The Gemara in Masekhet Rosh Hashanah (33b) draws a curious association between the shofar sound and a verse in Sefer Shoftim (5:28) describing the weeping of the mother of Sisera, a Canaanite general who waged an unsuccessful battle against Benei Yisrael. Targum Onkelos (Bamidbar 29:1) translates the word “teru’a” – the word used by the Torah in reference to shofar blowing on Rosh Hashanah – as “yevava,” which the Gemara links to the prophetess Devora’s description of Sisera’s mother’s cries: “va-teyabeiv.” Devora envisions Sisera’s mother anxiously looking out the window, awaiting her son’s triumphant return from battle. As time passed, she grew increasingly fearful that tragedy struck – which is, indeed, what had happened. The word “va-teyabeiv” is the basis for the Gemara’s interpretation of the word “teru’a” as referring to a crying sound.
Tosafot, citing the Arukh, extend this association even further, claiming that the widespread custom to sound one hundred shofar blasts on Rosh Hashanah commemorates Sisera’s mother’s cries. Tradition teaches that she wept one hundred times, and we commemorate these cries by producing one hundred sounds with the shofar. Many different explanations have been offered for the point of connection between the sounding of the shofar on Rosh Hashanah and Sisera’s mother’s weeping as she peered in vain through the window.
The Tolna Rebbe offers an especially creative approach, one which focuses on the subsequent verses in Sefer Shoftim, that speak of the attempts made by Sisera’s mother’s advisors to calm her fears. Devora imagines them assuring Sisera’s mother that Sisera had not yet returned because he and his troops were busy dividing the spoils looted from Benei Yisrael. Not knowing that Sisera’s army had been vanquished, these advisors sought to comfort Sisera’s mother by depicting Sisera as making his way home laden with riches. The Tolna Rebbe suggests that when Tosafot speak of Sisera’s mother weeping one hundred times, this means that she was repeatedly consoled by her advisor’s assurances, stopping her weeping until more time elapsed, when she would resume crying only to be consoled again. Over and over again – one hundred times – her fears were falsely eased by the prospect of her son coming home a fabulously wealthy man. This incident, the Tolna Rebbe noted, reflects the power of greed, how a person plagued with a lust for material wealth can never feel satisfied, and always desires more. The comfort Sisera’s mother experienced each time she imagined her son collecting additional spoils testifies to her insatiable desire for wealth, how nothing brought her more joy and satisfaction than the promise of vast amounts of riches.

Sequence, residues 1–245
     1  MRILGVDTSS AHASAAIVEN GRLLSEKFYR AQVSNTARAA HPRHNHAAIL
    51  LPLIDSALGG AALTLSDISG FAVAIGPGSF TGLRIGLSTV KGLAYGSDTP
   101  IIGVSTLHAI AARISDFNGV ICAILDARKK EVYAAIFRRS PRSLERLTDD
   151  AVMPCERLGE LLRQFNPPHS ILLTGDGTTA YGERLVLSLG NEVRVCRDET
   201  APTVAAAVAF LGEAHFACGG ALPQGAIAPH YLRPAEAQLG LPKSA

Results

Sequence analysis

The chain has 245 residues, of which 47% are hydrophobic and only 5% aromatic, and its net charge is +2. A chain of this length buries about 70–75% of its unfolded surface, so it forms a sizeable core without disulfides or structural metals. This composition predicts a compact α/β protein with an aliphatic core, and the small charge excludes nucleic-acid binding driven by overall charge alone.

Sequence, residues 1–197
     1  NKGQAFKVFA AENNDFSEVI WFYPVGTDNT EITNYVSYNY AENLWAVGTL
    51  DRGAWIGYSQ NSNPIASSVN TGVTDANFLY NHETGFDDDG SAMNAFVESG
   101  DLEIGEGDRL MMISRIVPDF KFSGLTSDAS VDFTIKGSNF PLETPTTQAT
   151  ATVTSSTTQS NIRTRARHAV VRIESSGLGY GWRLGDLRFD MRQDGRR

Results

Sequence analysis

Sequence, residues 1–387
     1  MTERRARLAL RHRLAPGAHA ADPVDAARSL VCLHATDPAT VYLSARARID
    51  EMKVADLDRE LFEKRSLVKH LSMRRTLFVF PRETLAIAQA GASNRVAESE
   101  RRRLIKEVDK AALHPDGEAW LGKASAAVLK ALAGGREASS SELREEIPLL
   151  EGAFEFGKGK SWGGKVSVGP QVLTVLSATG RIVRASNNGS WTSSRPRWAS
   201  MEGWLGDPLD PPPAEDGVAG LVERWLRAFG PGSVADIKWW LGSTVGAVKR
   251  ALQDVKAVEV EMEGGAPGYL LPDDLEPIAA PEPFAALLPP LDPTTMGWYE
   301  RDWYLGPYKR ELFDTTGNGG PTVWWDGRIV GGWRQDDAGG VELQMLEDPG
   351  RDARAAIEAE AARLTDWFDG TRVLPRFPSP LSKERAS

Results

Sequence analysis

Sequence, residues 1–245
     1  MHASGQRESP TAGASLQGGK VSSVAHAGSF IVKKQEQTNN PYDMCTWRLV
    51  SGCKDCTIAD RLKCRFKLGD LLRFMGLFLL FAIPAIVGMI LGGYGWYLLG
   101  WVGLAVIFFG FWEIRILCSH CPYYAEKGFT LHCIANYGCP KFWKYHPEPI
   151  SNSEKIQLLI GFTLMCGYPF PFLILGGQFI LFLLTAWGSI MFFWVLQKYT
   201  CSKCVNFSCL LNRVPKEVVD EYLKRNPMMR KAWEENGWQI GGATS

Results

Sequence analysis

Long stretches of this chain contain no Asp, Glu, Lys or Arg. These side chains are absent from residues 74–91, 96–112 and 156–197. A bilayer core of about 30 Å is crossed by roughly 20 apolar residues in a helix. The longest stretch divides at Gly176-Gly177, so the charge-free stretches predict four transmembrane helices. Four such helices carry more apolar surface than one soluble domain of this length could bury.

This, the Tolna Rebbe explained, might be the reason why the sounding of the shofar on Rosh Hashanah is linked with the story of Sisera’s mother. Rosh Hashanah celebrates the day of man’s creation, offering us the exciting opportunity for rebirth and renewal as we begin the new year. The first human beings, Adam and Chava, were given the entirety of Gan Eden – except for one tree, and they easily succumbed to the temptation to partake of the fruit of that one tree. As we celebrate our “re-creation,” we are to commit ourselves not to repeat this mistake, to enter the world content and satisfied with all that God has given us. We are to begin our new lives feeling grateful and gratified over all we have, rather than constantly feeling deprived and displeased. Our process of renewal on Rosh Hashanah must include our renewed gratitude and appreciation, so that the coming year will be one of joy and contentment, when we celebrate all that we have, rather than focusing on what we do not have.